The meeting at St Peter's Field, to be addressed by Henry Hunt, was reorganised for 16 August. The main aim was to demand the reform of parliament as a step towards socio-economic betterment: ordinary people wanted government by the people for the people. This is understandable when one considers that Manchester had a population of 200,000 and no M.P. This applied also to other large towns: Birmingham, Sheffield and Leeds, for example. The organisers of the meeting were moderate men who wanted a peaceful event that would show that they were respectable working men, worthy of responsibility. The local magistrates brought in the Cheshire Yeomanry to control the crowd.

16 August 1819 was a glorious summer's day, and groups of people from all the satellite towns poured into Manchester. They were determined to enjoy themselves on a day out: many were dressed in their Sunday best and had taken their wives and children with them. The meeting went ahead, attended by 50,000 to 60,000 people. It was peaceful but noisy; since the crowd consisted of families, it seems clear that there was no preconceived intention of violence.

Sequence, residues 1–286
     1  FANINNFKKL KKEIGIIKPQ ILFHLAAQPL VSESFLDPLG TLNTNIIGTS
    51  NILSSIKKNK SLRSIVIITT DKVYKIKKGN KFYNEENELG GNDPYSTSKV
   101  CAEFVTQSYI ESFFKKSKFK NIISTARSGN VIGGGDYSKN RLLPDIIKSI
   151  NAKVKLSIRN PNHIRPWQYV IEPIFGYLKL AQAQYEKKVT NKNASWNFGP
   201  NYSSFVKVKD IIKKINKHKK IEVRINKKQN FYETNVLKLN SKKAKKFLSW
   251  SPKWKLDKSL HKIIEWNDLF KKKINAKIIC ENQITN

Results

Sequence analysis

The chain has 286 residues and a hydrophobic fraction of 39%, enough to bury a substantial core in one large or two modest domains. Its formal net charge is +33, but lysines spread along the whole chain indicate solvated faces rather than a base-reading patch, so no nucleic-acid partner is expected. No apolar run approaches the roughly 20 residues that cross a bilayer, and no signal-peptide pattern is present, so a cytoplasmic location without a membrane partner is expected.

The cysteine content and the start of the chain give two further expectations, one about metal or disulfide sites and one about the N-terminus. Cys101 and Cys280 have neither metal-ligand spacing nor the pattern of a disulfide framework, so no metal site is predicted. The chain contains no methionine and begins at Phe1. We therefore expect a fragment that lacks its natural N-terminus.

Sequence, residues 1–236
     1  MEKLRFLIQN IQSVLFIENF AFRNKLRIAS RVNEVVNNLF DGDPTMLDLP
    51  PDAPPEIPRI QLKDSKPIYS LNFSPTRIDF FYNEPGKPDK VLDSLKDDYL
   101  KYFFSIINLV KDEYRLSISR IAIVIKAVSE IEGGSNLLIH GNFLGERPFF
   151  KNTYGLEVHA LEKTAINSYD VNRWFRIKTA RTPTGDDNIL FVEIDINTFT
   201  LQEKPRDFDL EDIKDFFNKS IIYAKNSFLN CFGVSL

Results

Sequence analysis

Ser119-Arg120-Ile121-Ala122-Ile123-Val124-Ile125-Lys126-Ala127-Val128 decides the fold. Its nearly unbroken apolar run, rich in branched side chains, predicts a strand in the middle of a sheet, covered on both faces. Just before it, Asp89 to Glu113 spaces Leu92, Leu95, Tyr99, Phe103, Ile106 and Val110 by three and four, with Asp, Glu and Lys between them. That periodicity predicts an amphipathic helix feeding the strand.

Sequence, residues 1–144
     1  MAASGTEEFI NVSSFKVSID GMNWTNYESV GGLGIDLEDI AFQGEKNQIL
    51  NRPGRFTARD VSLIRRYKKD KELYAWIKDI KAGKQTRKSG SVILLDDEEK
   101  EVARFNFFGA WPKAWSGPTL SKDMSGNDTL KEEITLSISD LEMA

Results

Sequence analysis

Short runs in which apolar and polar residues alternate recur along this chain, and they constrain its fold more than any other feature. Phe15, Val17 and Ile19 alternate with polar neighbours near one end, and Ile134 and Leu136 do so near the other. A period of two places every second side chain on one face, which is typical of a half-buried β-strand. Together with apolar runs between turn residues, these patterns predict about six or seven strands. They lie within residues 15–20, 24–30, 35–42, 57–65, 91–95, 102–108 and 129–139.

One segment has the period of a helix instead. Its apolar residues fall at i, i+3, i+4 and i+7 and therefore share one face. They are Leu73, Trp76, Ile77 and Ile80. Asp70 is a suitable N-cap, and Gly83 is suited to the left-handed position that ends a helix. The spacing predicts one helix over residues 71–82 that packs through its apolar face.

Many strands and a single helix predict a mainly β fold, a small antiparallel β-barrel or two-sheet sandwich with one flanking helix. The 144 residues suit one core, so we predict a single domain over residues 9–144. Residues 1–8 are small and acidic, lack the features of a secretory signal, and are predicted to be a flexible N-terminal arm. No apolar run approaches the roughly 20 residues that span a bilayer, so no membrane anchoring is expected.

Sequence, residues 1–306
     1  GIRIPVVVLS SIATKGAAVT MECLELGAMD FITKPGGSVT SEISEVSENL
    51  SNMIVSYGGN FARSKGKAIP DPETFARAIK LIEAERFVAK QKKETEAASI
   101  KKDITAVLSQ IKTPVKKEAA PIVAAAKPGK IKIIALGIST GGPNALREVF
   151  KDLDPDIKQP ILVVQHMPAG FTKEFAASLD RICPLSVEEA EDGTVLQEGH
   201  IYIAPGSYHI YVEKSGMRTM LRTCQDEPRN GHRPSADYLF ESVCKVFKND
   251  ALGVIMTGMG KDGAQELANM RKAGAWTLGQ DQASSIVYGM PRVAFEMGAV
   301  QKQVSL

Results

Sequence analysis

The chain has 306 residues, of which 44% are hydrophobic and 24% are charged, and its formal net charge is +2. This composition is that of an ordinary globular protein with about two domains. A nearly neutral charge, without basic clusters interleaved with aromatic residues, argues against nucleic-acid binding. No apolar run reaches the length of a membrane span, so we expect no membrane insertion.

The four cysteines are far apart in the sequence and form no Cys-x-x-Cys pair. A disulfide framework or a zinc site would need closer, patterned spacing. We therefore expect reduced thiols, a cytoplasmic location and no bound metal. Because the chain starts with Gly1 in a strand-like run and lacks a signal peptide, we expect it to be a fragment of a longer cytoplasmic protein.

Manchester's ten magistrates, under chairman William Hulton purported to think that the meeting could be the forerunner of revolution. Watching from a house on the edge of the field, they became increasingly nervous as the size of the crowd grew. They obtained statements from a few people who claimed the meeting posed a danger to law and order: on this pretext Hulton ordered Deputy Constable Joseph Nadin to arrest Hunt and his associates. Nadin disliked the idea of forcing his way through the crowd and said it was impossible. The JPs tried to disperse crowd, but did not read the Riot Act; the magistrates called in the military, who were waiting in streets nearby.